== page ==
Anne Frank 's Diary Of A Young Girl

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As an ordinary Jewish girl who was one of the most discussed Jewish victims of the Holocaust, Anne Frank was an incredibly memorable girl due to the publication of her diary. Anne Frank was a liberal Jew; as for she did not follow all the traditions of Judaism. On the fourteenth of August 1944, a group of German uniformed police arrested the Frank family and was sent into The House of Detention, transitioned into the Westerbork Transit Camp and then to the Auschwitz concentration camp. In July 1945, after the Red Cross confirmed the death of the Frank sisters, Otto Frank passed Anne’s diary to historians who made continuous attempts to publish it. The official publication of the diary in 1947 was named Het Achterhuis, and was later on…show more content…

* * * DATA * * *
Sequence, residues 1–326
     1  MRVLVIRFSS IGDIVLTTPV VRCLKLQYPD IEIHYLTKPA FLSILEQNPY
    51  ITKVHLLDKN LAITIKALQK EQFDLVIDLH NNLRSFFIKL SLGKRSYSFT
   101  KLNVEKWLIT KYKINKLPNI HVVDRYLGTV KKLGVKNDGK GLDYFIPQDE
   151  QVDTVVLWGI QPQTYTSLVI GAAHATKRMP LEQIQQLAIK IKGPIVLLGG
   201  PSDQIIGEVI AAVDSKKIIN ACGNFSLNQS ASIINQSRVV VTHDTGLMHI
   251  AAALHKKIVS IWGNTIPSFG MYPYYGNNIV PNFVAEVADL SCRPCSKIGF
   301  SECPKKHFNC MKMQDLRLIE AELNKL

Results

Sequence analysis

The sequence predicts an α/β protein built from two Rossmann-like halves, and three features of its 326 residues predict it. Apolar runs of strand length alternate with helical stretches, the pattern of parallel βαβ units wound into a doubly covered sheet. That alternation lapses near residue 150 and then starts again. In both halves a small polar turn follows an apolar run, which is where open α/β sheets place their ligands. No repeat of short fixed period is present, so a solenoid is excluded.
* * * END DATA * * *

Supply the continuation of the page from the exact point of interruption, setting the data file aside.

She contributes logical thoughts on various happenings and things she has heard and seen. As an example, Anne Frank remarks a saying that she reflected about when she was depressed, “Paper has more patience than people.”Judging by the fact that she had no other friends than the stiffed-back notebook, grandly referred to a diary, she was right. She had a family and a roof above her home. She had everything that she needed except for a true friend. She complains about how she couldn’t bring herself to talk about anything but ordinary, everyday things with her friends. Evidently, she differed from other teenagers. She explained to never being able to get farther than just talking about the normal, proving that she was capable of talking about anything but the usual. Anne Frank did not want to jot down the facts like everyone else did, but she wanted to keep her diary as a friend, because that was the only way she could communicate about anything but the ordinary. It is recognizable how Anne Frank lives from moment to moment each time she wrote a new entry. She is profoundly occupied with her social and educational world, showing that she is still sane even with the restrictions set by the Germans. From the beginning of her diary entries, Anne Frank seemed confident, thoughtful and creative within the words she wrote. As evidenced by her thorough descriptions of her friends, she is a comprehensive observer. For an example, when she
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